For several years, the European Union has been working to develop a common migration policy, or migration pact. This summer, it looked as if a settlement had been reached that meant, in short:
• That all migrants will still be allowed to apply for asylum in the EU if they gain entry
• Asylum examination will be conducted in the EU (an alternative proposal was for all asylum cases to be examined in an African country far from the EU)
• Migrants who have been granted asylum will be redistributed between countries based on different quotas
• Countries can buy their way out of the quota
However, during the summer, the influx of boat migrants to Italy and specifically the island of Lampedusa reached record levels. It has prompted many countries – such as Italy and Poland – to pull the handbrake.
In addition, when information emerged that Germany was sponsoring relief organizations that assist and pick up African boat migrants, it caused Italian Prime Minister Giorgia Meloni to become angry and demand an explanation from the Germans.
Italy requires, in exceptional cases such as the current situation, that migrants be returned to Africa without trying their right to asylum.
They also want to be able to classify aid organizations that pick up migrants as political tools – or “psychological operations” – to “destabilize” Italy. This would give Italy the opportunity to take police and legal action against people who were on board aid organisations’ boats.
And from Sweden, the former Swedish Maritime Association and the media group Schipsted (Aftonbladet and Svenska Dagbladet) sent so-called yellow boats (2016) that picked up migrants on their way to the European Union. Today business is closed.
In the negotiations, Spain put forward proposals that would further tighten the migration agreement.
Among other things, it offers possibilities to keep migrants detained in migration camps for an additional eight weeks in addition to the eighteen months already proposed. The rules regarding who is entitled to asylum have also been tightened.
But the tightening does not seem to be enough for Italy, which threatens to use its veto power.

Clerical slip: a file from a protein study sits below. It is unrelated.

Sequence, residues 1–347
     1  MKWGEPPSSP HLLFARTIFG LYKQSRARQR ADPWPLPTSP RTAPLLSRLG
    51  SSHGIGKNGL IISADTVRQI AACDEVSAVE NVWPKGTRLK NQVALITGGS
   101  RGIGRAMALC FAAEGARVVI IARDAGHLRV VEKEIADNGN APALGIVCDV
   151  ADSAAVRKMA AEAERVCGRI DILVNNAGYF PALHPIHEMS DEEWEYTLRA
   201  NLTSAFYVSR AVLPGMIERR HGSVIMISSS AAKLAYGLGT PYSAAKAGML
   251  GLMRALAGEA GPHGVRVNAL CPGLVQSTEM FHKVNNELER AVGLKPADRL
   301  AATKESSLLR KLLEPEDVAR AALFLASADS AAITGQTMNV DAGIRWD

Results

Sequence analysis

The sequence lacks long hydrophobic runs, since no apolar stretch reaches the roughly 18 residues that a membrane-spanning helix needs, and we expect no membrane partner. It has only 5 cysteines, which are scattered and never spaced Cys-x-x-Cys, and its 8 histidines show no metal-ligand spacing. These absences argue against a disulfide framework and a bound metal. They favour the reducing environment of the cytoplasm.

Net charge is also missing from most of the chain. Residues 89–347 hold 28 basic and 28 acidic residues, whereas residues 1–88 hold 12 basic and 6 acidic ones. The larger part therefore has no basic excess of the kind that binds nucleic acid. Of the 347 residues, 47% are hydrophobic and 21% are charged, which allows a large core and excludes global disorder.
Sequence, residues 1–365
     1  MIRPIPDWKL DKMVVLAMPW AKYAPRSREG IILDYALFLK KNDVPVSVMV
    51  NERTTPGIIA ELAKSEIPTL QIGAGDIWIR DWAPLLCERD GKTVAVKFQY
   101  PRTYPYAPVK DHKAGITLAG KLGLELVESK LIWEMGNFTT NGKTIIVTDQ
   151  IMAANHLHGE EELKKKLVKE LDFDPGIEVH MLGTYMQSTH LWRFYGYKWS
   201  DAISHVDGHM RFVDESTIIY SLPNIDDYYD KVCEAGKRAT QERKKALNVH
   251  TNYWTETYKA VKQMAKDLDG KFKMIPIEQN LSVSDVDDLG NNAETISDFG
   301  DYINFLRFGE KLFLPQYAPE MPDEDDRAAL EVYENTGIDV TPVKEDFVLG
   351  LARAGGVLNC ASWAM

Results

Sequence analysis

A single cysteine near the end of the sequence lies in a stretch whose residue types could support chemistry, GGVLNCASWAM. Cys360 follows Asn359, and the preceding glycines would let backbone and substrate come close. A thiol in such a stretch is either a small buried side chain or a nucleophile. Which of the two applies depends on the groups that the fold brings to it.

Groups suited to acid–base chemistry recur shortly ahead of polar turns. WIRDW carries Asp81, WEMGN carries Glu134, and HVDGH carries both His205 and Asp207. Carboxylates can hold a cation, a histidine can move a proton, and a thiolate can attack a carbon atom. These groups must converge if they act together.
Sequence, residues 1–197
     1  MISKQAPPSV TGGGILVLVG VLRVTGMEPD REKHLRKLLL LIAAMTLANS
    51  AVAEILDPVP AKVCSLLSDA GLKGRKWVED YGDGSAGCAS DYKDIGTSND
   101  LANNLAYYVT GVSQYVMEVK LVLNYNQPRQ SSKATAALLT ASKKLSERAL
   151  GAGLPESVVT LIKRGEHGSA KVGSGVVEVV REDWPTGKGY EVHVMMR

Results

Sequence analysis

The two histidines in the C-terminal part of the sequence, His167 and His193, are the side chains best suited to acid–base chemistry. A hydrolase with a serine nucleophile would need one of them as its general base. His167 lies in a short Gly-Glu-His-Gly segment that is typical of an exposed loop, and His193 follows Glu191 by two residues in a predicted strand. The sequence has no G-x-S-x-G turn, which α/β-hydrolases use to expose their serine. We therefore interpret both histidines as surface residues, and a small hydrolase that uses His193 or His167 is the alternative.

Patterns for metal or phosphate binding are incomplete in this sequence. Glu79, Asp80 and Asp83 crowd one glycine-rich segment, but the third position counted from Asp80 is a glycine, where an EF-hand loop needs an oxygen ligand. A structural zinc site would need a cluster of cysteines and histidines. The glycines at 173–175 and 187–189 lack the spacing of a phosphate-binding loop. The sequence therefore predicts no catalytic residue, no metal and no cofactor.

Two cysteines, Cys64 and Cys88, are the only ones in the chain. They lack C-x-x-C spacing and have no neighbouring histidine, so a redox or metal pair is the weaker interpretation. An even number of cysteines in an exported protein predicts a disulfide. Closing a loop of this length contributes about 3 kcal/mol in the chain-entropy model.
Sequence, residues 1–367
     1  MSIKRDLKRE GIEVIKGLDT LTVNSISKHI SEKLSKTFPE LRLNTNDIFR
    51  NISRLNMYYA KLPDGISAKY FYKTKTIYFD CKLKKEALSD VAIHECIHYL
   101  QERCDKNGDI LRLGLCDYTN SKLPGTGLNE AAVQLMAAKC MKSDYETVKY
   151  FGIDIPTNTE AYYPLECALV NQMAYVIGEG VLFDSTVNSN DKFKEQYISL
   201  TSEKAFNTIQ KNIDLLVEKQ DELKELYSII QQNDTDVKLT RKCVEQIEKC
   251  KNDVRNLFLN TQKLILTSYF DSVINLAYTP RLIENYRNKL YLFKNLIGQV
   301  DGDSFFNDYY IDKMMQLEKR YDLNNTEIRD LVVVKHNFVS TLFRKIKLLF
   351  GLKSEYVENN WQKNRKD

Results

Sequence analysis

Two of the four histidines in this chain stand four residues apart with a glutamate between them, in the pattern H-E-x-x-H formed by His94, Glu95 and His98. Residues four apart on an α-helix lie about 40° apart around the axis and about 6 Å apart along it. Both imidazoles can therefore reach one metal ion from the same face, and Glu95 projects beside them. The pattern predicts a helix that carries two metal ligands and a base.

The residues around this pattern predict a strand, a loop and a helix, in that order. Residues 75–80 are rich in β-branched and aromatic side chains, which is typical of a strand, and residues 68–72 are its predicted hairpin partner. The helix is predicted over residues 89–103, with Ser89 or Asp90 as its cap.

Despite Italy’s objections, according to the EU Commissioner responsible for migration, social democrat Ylva Johansson, “there are no major obstacles” to an agreement that all EU countries can agree to. El Pais.
“You simply have to trust us,” Ylva Johansson said at a press conference.
Germany has previously threatened to block the migration agreement because it is too strict and covers too few asylum migrants.
In the first half of the year, the European Union received more than half a million asylum applications. This was before the surge in boat migrants to Italy, Greece and Spain.
Ylva Johansson’s statement contradicts Polish Prime Minister Mateusz Morawiecki.
– Mateusz Morawiecki said on Polish TV: I will go to the European Council next week where I will retain the veto power against illegal immigration.
Morawiecki said: – This is an attempt not only to attack the sovereignty of Poland and other member states, but also an attempt to destabilize the European Union in an undemocratic way.
Morawiecki represents Poland’s ruling Law and Justice party. PiS has long described itself as having a strict immigration policy.
But PiS is now under pressure ahead of the Polish elections after it was revealed how people linked to the party sold hundreds of thousands of work visas to Africans and Asians in recent years.
Swedish Immigration Minister Maria Malmer Stenergaard (centre) said this this week Swedish daily newspaper She is optimistic that a compromise will be reached.
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